Goldsmith Romero on CFTC enforcement advisory
The Commodity Futures Trading Commission’s (CFTC) Division of Enforcement has published guidance to its enforcement staff on enforcement resolution recommendations to the Commission. The advice provides guidance on determining whether proposed civil monetary penalties are sufficient; when the imposition of a corporate compliance monitor or consultant is appropriate; what the duties and responsibilities of monitors and consultants should be; and whether admissions should be recommended in a particular enforcement action. Commissioner Christy Goldsmith Romero issued a statement to coincide with the guidance in which she lauded the agency’s enforcement staff for their dedication and highlighted the need for stronger enforcement measures to safeguard customers, investors, and markets.
In the statement, Goldsmith Romero commended the CFTC’s enforcement efforts, acknowledging the significant cases brought forth this year as a testament to the team’s commitment. However, she raised concerns about limitations stemming from past cases, which may not adequately address the evolving risks posed by the growing markets and recent market volatility.
She also emphasized the importance of accountability, justice, and deterrence in enforcing regulations and expressed her support for the guidance, advocating for a case-by-case approach in requiring settling defendants to admit their wrongdoing, replacing routine neither-admit-nor-deny settlements.
Goldsmith Romero noted the need for appropriate penalties to ensure accountability and deterrence, especially for well-resourced defendants. She also acknowledged the importance of addressing violations of critical laws (such as Dodd-Frank and Commodity Exchange Act (CEA) requirements and combating recidivism within regulated financial services.
In cases of a broken culture of compliance, Goldsmith Romero supported the advice that the appointment of monitors is an effective tool to signal the seriousness of the issue.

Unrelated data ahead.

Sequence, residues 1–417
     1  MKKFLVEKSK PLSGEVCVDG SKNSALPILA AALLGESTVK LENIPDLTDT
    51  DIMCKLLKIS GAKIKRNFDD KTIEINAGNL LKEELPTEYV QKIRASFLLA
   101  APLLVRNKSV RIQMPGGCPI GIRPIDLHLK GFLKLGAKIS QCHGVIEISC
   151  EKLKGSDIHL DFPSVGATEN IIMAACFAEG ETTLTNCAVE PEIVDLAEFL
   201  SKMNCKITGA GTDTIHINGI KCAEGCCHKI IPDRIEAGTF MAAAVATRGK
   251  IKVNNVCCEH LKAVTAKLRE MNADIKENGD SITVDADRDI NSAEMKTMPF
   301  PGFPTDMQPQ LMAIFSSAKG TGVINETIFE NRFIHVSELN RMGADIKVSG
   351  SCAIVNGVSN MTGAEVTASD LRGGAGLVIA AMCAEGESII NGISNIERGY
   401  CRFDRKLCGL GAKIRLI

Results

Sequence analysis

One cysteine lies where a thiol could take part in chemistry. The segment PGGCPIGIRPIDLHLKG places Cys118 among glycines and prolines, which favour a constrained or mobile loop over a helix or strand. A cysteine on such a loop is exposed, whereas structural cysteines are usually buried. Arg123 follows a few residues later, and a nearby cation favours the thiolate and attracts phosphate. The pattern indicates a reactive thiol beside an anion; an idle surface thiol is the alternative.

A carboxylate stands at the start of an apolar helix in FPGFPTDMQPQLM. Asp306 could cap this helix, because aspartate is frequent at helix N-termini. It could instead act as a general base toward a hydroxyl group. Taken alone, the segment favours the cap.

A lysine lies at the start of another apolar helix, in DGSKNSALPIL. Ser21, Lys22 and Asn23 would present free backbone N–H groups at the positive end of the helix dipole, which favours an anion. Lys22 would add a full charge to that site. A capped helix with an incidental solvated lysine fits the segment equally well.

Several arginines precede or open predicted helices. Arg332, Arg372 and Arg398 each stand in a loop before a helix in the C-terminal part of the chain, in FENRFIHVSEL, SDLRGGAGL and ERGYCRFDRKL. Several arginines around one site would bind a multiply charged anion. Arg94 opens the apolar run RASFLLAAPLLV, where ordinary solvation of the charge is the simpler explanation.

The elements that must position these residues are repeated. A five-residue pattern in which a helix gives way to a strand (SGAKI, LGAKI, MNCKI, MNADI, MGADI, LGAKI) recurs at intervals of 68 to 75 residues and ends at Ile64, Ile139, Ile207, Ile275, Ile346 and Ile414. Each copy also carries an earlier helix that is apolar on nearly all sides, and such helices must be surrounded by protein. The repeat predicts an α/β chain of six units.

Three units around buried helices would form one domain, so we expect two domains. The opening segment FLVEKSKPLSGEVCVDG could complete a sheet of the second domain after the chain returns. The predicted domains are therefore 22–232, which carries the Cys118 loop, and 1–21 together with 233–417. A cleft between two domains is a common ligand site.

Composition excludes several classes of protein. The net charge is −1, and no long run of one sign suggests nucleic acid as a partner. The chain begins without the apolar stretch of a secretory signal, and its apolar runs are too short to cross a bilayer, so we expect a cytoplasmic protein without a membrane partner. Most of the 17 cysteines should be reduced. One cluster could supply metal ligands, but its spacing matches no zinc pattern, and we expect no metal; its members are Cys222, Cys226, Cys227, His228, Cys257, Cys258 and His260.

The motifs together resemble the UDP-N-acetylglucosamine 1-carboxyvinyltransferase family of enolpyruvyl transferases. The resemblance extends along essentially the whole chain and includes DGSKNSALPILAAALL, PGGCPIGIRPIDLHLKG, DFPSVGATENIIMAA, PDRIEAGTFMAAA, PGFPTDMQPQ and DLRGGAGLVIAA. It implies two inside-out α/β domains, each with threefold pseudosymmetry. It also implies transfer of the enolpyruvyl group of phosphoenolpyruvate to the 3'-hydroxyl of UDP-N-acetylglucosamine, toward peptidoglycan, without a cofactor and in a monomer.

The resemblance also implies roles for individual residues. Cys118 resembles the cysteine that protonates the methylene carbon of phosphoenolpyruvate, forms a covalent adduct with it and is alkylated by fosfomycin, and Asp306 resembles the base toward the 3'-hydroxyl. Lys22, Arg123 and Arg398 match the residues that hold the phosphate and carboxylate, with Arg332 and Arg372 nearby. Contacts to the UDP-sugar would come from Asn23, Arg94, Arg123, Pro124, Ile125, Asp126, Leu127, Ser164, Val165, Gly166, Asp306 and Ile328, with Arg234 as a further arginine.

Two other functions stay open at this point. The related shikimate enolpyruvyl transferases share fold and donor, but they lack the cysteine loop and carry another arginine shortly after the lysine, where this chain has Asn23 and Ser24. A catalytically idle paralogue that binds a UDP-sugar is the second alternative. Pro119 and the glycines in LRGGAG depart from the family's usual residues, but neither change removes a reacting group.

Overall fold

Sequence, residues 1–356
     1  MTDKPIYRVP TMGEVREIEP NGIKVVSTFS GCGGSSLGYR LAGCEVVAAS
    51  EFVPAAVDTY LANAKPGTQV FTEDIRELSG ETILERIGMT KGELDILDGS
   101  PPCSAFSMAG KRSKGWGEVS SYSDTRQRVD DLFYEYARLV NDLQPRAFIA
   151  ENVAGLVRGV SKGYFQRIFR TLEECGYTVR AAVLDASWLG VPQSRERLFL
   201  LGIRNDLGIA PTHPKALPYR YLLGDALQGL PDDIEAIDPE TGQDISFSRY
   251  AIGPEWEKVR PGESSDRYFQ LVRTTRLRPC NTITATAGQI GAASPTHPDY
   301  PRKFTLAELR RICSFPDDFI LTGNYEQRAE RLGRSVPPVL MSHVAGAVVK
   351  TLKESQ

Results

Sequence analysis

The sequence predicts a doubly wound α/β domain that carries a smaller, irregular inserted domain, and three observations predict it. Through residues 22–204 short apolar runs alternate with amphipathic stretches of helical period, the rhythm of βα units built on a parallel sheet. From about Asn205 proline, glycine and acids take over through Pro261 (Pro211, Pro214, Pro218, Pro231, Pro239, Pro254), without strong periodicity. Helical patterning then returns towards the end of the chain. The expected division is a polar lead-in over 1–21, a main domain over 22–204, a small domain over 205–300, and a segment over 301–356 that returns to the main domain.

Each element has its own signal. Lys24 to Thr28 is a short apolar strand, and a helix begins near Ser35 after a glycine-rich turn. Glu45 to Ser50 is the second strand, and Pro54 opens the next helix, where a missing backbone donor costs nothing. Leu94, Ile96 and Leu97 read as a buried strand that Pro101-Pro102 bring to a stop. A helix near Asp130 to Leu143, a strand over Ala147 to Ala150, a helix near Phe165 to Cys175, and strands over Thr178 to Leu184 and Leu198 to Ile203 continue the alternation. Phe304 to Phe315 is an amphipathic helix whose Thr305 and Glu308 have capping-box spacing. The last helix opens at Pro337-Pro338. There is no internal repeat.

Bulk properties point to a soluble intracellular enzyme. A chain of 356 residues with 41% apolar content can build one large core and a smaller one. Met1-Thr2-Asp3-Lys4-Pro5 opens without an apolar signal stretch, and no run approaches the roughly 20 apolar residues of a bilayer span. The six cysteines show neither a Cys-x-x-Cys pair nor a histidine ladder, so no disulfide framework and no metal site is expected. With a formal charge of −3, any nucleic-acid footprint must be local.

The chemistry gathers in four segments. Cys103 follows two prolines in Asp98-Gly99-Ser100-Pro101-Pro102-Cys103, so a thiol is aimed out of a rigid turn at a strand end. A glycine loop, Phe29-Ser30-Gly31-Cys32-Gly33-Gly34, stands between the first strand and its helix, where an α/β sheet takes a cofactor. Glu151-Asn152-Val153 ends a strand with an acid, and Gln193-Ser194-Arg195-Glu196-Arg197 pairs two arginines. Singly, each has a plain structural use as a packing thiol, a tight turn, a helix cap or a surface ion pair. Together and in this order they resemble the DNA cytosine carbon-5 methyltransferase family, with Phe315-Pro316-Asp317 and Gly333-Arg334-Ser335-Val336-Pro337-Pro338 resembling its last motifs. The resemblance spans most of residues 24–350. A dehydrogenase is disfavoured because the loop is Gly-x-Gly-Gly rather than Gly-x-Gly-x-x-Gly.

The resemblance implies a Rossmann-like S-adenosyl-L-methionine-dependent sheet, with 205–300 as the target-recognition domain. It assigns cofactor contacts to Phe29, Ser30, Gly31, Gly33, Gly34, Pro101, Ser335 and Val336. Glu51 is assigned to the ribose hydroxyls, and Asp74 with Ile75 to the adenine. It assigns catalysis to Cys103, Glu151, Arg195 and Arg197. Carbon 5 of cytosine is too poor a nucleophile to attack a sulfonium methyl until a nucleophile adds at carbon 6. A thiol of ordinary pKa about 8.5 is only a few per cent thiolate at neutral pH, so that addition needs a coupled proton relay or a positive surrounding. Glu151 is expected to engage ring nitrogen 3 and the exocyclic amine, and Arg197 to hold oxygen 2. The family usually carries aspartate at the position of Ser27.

In conclusion, the speaker commended the CFTC’s Enforcement staff for their dedication to upholding market integrity and maintaining investor confidence. They affirmed their commitment to working with the staff in applying the principles outlined in the advisory to specific cases that come before the Commission.
ESMA clarifies MiCA timeline and urges states to act
The European Securities and Markets Authority (ESMA) has requested member states to immediately identify the competent authorities which will be responsible for carrying out the functions and duties required by the Markets in Crypto-Assets Regulation (MiCA), which will come into full force in December 2024. In the letter from ESMA chair Verena Ross, concerns are raised regarding the grand-fathering option that allows member states to offer an extension up to July 2026 for entities already providing crypto services to defer full MiCA implementation. Ross requests that member states consider limiting the grand-fathering period to no more than 12 months to try to enable consistency across the EU more quickly.
Canada adds payment systems to its regime
The Bank of Canada has confirmed the addition of three retail payment systems (Visa Inc’s VisaNet, Mastercard International Inc’s Global Clearing Management System and Single Message System, and Interac Corp’s Inter-Member Network) as prominent payment systems as defined by the Payment Clearing and Settlement Act. As a result of their inclusion each now falls under the regulatory remit of the bank, which requires additional risk controls to be put in place to ensure precaution against systemic or payment system risk.
ASIC outlines retail priorities
In a speech at the 33rd Annual Credit Law Conference, Greg Yanco, Executive Director for Regulation and Supervision at the Australian Securities & Investments Commission (ASIC) presented his view on forthcoming regulatory developments and recent initiatives.
He began by noting that ASIC is committed to improving consumer outcomes within the consumer credit sector, with a specific focus on protecting financially vulnerable consumers and preventing individuals from falling into financial hardship, which he addressed first in his list of initiatives.
- Financial hardship: Yanco emphasized the importance of proactively supporting customers experiencing financial hardship. He reminded the audience that ASIC has urged lenders to communicate assistance processes clearly, train staff to identify hardship cases, and consider individual circumstances to devise sustainable solutions. ASIC, he said, will not hesitate to take enforcement action against non-compliance, as seen in recent civil penalty proceedings against financial institutions like Westpac and a fine earlier in the year against ClearLoans.
- Financially Vulnerable credit consumers: In light of the uncertain economic climate, ASIC remains vigilant about protecting vulnerable consumers from predatory lending practices. This includes unlicensed operators and established entities engaging in poor practices across the credit sector. Recent civil penalty proceedings against entities like Cigno Australia and BSF Solutions underscore this commitment.